“You are not leaving the table until you’ve finished your food!”
If you heard this growing up, you’re not alone. Many parents have used this tactic to get their kids, especially the picky eaters, to finish off their meal and confirm their membership in the “clean plate club.”
Many parents have also been known to demand complete control over what their children ingest in order to protect them from eating too many sweets and too much junk food.
But is all the protection really needed after children mature into teenagers?
According to a study at the University of Minnesota, both of these types of food-policing tactics are not helping adolescents lead healthier lives. In fact, research finds them to be counterproductive.
The study, which will be published in the May issue of Pediatrics, combined data from two different studies, Project EAT (Eating and Activity in Teens) and Project F-EAT (Families and Eating and Activity Among Teens). The surveys collected dietary and activity habits from more than 2,200 teenagers and 3,400 parents in Minnesota.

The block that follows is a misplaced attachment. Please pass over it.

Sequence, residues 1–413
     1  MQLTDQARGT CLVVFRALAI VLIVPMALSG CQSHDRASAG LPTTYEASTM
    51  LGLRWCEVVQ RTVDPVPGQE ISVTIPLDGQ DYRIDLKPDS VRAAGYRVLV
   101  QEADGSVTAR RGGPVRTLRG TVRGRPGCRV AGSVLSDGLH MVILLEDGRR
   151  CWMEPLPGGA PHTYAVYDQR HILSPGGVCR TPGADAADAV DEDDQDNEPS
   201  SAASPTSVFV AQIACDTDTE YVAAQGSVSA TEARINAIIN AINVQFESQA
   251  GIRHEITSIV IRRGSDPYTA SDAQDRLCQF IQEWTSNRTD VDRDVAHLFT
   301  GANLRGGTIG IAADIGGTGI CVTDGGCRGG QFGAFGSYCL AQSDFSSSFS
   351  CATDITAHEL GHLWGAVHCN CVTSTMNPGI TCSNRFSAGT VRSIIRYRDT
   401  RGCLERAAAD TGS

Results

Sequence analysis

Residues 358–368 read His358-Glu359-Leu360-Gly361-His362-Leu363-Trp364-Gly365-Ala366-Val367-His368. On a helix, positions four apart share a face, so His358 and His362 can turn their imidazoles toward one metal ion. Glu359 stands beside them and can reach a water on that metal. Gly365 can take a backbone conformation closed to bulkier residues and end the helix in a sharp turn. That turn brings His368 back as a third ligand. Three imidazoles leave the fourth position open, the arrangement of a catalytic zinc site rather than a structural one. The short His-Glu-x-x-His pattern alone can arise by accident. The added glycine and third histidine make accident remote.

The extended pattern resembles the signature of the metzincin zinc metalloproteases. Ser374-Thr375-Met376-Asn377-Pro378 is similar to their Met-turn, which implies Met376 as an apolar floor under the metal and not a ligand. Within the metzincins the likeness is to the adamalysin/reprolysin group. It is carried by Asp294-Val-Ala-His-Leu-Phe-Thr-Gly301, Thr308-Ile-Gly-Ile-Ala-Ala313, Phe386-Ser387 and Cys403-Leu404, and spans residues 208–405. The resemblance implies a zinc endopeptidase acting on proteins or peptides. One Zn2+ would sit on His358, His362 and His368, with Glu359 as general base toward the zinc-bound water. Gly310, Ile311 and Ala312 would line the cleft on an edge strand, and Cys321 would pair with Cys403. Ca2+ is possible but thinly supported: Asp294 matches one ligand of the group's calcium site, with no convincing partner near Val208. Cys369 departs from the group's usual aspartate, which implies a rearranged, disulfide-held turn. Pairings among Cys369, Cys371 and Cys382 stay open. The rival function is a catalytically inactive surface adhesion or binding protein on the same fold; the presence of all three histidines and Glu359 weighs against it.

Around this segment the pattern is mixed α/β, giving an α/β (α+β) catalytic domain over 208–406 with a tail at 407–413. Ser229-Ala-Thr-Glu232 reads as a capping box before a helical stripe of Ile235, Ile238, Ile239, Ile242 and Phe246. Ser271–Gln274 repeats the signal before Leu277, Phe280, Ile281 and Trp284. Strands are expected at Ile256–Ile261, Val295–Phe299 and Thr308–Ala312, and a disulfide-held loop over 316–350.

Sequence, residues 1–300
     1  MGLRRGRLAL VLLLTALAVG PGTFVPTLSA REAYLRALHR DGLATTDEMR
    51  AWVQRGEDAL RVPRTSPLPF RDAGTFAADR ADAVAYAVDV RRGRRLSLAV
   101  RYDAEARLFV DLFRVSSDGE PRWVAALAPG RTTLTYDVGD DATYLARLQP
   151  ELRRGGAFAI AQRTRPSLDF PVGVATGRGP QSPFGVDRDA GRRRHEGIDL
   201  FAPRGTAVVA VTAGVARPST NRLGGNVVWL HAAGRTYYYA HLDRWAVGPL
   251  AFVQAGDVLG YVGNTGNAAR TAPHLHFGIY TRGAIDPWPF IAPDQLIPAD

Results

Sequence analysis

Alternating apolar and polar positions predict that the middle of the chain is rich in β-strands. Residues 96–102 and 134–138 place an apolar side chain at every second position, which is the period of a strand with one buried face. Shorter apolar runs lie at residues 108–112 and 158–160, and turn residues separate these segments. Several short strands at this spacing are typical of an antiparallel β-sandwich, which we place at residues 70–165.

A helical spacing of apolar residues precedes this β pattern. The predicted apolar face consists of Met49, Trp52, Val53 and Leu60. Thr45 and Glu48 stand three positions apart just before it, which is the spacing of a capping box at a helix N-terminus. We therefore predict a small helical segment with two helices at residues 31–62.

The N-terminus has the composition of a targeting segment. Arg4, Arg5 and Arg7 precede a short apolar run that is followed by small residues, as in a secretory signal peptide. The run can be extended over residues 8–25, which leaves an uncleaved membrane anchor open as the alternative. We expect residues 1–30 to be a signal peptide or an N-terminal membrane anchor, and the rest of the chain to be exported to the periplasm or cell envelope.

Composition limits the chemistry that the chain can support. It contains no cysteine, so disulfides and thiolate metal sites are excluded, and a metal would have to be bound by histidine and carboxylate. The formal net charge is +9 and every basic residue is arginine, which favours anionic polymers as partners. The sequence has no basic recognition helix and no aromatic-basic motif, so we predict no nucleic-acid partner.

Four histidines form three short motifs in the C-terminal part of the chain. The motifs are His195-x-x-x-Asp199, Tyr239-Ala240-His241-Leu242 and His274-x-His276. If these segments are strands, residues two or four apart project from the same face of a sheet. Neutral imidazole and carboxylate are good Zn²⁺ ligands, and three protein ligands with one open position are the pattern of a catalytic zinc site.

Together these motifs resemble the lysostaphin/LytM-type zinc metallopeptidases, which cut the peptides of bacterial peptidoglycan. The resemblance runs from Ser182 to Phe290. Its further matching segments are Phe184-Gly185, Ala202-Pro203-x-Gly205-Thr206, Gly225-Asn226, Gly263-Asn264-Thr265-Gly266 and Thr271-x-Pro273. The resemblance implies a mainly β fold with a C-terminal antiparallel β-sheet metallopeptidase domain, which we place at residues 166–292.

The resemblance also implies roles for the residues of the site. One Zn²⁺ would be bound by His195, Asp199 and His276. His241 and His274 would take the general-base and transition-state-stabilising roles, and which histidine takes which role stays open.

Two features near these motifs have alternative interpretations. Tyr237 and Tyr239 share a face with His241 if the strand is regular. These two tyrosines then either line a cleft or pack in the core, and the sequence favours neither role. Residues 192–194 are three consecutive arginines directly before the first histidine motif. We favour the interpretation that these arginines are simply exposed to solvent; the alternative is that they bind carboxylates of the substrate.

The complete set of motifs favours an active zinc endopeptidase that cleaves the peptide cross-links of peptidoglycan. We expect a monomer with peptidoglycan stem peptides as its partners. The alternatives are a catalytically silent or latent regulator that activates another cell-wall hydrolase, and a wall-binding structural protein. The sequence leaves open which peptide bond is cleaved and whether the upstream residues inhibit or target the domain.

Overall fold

“Parents do use high levels of control, such as restriction and pressure to eat,” said lead author Katie Loth, M.P.H., a registered dietician, doctoral candidate and research assistant at the U of M. “In the 1950s, cleaning your plate meant something different. Portion sizes have gotten bigger over time, and if you encourage kids to rely on environmental indicators, like how much food is on their plates or the time of day, they’ll lose the ability to rely on internal cues to know whether they’re hungry or full.”
The researchers hope the study will lead to pinpointing the root causes of childhood obesity, which has been on the rise for over two decades.
Read the full story on TIME’s website.